- Meeting abstract
- Open Access
134 Metabolic imaging of the aging heart: myocardial triglyceride content as independent predictor of diastolic function
© vd Meer et al; licensee BioMed Central Ltd. 2008
- Published: 22 October 2008
- Left Ventricular Diastolic Function
- Myocardial Fatty Acid
- Aging Heart
- Short Axis Orientation
- Myocardial Triglyceride
In the aging heart myocardial fatty acid oxidation is reduced, what may lead to myocardial triglyceride (TG) accumulation. In animal models of obesity and diabetes mellitus, myocardial TG accumulation has been demonstrated to be harmful to myocardial function. However, the role of myocardial TG in the physiologically aging human heart is unknown. Therefore, the purpose of our study was to evaluate the effects of aging on myocardial TG content, and to determine the effect of myocardial TG content on heart function.
Forty-three healthy male subjects participated in this study. 1H-magnetic resonance spectroscopy (MRS) and MR imaging were performed at a1.5 T whole-body MR scanner (Gyroscan ACS/NT15; Philips, Best, the Netherlands). The spectroscopic VOI was located in the myocardial septum and MRS was electrocardiographically triggered and navigator echoes were used for respiratory gating. Flow velocity mapping across the mitral valve was performed to assess left ventricular diastolic function and a standard gradient echo sequence in short axis orientation was performed to study systolic function. Blood samples were taken prior to MR scanning. To detect determinants of myocardial TG content and LV function, univariate and multivariate linear regression analyses were performed. P < 0.05 was considered statistically significant.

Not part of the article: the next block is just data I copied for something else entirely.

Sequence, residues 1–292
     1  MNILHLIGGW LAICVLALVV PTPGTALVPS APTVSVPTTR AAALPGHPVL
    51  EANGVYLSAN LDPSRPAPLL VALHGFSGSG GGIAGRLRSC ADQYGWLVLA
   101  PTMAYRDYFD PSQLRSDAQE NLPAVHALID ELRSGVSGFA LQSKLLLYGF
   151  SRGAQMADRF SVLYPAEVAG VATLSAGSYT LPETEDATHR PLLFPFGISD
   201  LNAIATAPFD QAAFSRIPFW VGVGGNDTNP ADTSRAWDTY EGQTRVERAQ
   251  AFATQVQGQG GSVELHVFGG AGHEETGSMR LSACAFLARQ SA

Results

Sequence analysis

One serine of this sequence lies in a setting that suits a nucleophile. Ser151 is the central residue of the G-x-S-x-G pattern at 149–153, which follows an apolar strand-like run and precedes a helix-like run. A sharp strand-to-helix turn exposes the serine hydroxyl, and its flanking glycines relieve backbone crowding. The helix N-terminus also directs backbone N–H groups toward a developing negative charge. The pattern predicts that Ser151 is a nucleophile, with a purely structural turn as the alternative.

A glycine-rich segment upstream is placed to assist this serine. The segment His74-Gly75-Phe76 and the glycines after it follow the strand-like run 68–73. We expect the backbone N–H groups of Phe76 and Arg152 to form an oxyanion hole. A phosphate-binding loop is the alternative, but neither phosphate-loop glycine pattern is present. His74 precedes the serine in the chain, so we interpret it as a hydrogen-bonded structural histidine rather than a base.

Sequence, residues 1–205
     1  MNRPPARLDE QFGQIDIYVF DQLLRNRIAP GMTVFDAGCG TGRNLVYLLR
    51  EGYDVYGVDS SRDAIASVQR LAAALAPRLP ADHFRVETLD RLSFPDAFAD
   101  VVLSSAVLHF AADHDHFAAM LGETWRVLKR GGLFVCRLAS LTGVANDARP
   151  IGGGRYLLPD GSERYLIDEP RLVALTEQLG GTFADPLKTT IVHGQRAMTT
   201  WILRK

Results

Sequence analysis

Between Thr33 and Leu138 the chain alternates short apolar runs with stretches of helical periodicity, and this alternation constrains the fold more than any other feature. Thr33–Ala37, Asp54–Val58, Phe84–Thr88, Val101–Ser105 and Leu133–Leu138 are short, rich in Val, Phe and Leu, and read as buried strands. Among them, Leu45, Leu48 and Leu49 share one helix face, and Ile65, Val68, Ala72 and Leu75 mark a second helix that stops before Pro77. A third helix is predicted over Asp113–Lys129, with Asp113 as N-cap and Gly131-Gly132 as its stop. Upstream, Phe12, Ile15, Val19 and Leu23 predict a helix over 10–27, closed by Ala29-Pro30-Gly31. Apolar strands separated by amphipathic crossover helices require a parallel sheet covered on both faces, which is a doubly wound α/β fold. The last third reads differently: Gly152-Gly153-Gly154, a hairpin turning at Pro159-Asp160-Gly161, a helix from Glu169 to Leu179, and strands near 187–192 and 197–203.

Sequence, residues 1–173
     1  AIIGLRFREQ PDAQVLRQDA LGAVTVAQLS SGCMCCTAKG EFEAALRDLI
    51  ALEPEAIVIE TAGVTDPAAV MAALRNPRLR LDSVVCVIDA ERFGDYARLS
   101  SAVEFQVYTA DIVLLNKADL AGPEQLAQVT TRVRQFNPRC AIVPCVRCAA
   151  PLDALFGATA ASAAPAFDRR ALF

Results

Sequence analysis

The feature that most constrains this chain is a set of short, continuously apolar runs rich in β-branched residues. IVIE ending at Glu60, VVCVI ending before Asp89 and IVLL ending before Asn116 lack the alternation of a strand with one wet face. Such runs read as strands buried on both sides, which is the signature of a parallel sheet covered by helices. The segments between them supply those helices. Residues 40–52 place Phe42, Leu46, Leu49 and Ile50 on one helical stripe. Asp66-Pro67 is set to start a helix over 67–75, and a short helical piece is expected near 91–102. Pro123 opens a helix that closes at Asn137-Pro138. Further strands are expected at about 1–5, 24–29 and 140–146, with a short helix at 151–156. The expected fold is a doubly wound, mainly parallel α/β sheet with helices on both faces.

Mean age (± standard deviation; range) of the studied subjects was 44 ± 15; 20 – 66 years and BMI was 25.9 ± 3.1; 19.4 – 34.9 kg/m2. All subjects were normoglycemic and none of the subjects suffered from hypertension.
In addition, myocardial TG content correlated negatively with E/A (-0.68, p < 0.05). Multivariate analysis was performed to study the association between E/A and myocardial TG content. Therefore, E/A was entered as a dependent variable and myocardial TG content, age, and BMI (which were all significantly correlated to E/A) were subsequently entered as independent variables into the model. Furthermore, possible confounders such as plasma NEFA, TG, and glucose levels, diastolic bloodpressure, and heart rate were separately entered into a model with age and BMI as independent variables. The association between E/A and myocardial TG content remained highly statistically significant in all these models. Finally, left ventricular cardiac index (LVCI), a parameter of systolic function showed a significant univariate correlation with myocardial TG content. However, multivariate analysis indicated age as the sole independent predictor of LVCI.
In the physiologically aging heart, myocardial TG content increases and contributes significantly to the age-related decline in left ventricular diastolic function, independent of BMI, blood pressure, and biochemical blood markers.
This article is published under license to BioMed Central Ltd.